Photo Credit:
Eve with competitor Meira Shulman

What is it like to win a live cooking competition when the clock seems to be ticking at warp speed, you have minimal cooking facilities with which to impress a panel of prominent judges and are faced with a basketful of mystery ingredients that completely redefine the word random?

In a word: Awesome. That’s according to Eve Elenhorn, winner of the September 14th Grand Women’s Cook Off benefiting the new birthing center at Laniado Hospital in Netanya.

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Elenhorn, a weight loss and fitness coach and personal trainer who lives in Brooklyn, decided to throw her hat in the ring for the Chopped-style competition after seeing an Instagram post about it. She faced off against fellow contestants Batsheva Goldstein and Meira Shulman, cooking for a panel of judges that included Elan Kornblum, Itta Werdiger-Roth, Jeff Nathan and Levana Kirschenbaum, all well-known personalities in the foodie universe.

The 27-year-old Elenhorn actually started cooking long before she got married, but after the birth of her second child she realized that she needed to lose weight. She began changing her eating habits and tweaking her recipes and saw the pounds start to disappear. The results were so impressive that she began posting her revamped creations on Instagram and several years, and more than 2,000 recipes later, Elenhorn’s Flavorful_Fit Instagram account has close to 9,000 followers.

Elenhorn’s years of experience as a chef and recipe developer served her well at the cook off when she opened her basket of mystery ingredients and found herself facing red snapper fillets, cooked black eyed peas, summer squash, leeks and silan, aka date syrup. All in all, it was a pretty balanced selection of foods.

Except for the candy corn, the final basket ingredient.

Working candy corn into a fish entree that would impress the judges seemed like a bit of a stretch, especially for someone who is devoted to healthful cooking, but Elenhorn used the brightly-colored candy to flavor the water that she used to poach her red snapper.

“The candy corn doesn’t really dissolve but the flavor comes out when you soak it in hot water,” explained Elenhorn.

While her fish was cooking Elenhorn hit the pantry that was available to the three contestants. and mixed the garlic, lemon juice, lemon zest, sliced almonds and the silan into a dressing that she poured over the black eyed peas. Rounding out her plate, Elenhorn served up thinly sliced leeks, sautéed with dill and salt, and twice cooked zucchini that was first dipped in boiling water and then grilled in a frying pan.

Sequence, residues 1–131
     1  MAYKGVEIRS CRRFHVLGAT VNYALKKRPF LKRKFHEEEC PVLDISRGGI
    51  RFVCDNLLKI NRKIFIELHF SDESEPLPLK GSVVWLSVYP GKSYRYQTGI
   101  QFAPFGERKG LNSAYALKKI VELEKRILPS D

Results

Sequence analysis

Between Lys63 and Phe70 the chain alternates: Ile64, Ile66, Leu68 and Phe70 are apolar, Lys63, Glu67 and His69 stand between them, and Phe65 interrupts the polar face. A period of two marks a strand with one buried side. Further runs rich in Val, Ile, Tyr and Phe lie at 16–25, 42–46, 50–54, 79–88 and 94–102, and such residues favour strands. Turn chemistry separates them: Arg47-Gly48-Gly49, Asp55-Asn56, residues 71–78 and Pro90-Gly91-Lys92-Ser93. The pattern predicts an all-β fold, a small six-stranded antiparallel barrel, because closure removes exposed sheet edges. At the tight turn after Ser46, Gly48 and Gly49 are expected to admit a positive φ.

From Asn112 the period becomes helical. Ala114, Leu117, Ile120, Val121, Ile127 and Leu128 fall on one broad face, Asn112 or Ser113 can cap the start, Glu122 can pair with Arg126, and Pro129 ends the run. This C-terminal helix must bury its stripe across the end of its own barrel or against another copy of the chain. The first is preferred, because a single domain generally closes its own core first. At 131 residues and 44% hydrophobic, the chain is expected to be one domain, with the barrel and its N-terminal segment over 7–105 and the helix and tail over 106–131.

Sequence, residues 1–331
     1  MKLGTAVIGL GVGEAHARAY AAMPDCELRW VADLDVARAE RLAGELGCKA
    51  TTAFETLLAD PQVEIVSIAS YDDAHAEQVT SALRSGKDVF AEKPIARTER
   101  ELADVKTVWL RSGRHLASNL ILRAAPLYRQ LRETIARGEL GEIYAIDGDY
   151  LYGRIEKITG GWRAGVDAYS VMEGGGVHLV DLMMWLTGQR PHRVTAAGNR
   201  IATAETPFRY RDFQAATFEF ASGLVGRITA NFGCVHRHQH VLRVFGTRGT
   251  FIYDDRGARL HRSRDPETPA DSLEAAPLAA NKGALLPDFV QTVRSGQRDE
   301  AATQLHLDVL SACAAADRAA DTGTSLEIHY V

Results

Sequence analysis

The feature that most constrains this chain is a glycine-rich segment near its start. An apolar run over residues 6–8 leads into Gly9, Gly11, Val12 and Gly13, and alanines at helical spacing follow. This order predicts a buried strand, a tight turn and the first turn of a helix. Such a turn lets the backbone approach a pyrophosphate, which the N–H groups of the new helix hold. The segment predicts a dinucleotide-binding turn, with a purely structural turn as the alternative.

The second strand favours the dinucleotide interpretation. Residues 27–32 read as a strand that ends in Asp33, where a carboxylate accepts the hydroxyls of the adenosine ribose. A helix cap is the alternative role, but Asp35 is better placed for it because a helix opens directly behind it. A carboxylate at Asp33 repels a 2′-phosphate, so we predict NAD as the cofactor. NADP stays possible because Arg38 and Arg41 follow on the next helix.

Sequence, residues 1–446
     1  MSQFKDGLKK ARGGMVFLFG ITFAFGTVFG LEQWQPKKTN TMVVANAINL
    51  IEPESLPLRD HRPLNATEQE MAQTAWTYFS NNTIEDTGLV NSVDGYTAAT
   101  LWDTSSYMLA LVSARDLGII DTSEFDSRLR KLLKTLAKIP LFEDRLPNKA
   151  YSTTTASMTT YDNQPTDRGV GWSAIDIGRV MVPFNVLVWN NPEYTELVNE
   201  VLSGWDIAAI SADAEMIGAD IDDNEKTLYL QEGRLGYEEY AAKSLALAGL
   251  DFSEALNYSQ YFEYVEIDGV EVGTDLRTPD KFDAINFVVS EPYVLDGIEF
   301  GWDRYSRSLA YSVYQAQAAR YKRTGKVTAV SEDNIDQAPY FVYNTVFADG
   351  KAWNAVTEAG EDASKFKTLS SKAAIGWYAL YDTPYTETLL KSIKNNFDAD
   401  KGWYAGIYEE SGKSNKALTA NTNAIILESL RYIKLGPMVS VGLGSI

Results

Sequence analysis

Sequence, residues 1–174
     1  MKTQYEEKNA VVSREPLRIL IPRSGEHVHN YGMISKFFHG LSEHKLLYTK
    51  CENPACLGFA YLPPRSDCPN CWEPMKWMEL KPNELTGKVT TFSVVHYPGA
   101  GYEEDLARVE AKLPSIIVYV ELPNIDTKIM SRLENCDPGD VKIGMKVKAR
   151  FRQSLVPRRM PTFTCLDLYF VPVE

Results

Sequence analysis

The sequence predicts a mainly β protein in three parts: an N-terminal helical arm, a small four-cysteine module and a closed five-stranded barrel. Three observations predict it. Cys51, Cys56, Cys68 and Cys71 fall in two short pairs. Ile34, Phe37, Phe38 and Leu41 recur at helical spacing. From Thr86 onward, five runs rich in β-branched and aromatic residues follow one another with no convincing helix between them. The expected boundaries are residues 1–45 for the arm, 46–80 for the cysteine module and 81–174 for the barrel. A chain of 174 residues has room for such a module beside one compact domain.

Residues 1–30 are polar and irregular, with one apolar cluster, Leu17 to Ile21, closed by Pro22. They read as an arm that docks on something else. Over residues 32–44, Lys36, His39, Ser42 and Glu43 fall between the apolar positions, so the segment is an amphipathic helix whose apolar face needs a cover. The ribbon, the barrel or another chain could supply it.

“When you blanch the zucchini in water it becomes more tender and then when you grill it, it has a totally different taste,” explained Elenhorn.

The contestants had just 30 minutes, a pot of boiled water, a frying pan and a single electric burner to put together a winning plate. Despite the pressures and the difficulty of working with an eclectic mix of ingredients while facing an audience of several hundred women, Elenhorn found herself plating her creation just 12 minutes after she began cooking.

“I don’t know how I managed to do that,” admitted Elenhorn. “At home I do play around a lot with ingredients and, some days, when the refrigerator is almost empty, I grab whatever is inside and just pull something together.”

With 18 minutes to spare, Elenhorn devoted the remainder of her time to presentation, piling her plate high and garnishing her creation with fresh lemon and herbs.

The winning plate was chosen based on three factors: taste, creativity and presentation. Finding out that she had won the competition, along with two tickets to Israel, was a surreal moment for Elenhorn.

“I just jumped up and down,” recalled Elenhorn. “I was so in the moment and so amazed. It is really a once-in-a-lifetime thing.”

Elenhorn was the fourth highest fundraiser for the event, bringing in $425. To date, the cook off has raised a total of $9,903 for Laniado Hospital.

Currently a student at the Natural Gourmet Institute in Manhattan’s Flatiron district which specializes in health-supportive culinary education, Elenhorn hopes to one day open up a vegetarian-vegan restaurant, giving those who eat out the opportunity to make healthy choices.

“Even the healthy restaurants today are still over-portioned,” said Elenhorn. “I want to do something that is really healthy.”

Elenhorn is looking forward to using her prize tickets and she is planning a special visit to Netanya.

“Right when I won I said that when I go to Israel I am going to have to go visit the hospital,” said Elenhorn.

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Sandy Eller is a freelance writer who writes for numerous websites, newspapers, magazines and private clients. She can be contacted at sandyeller1@gmail.com.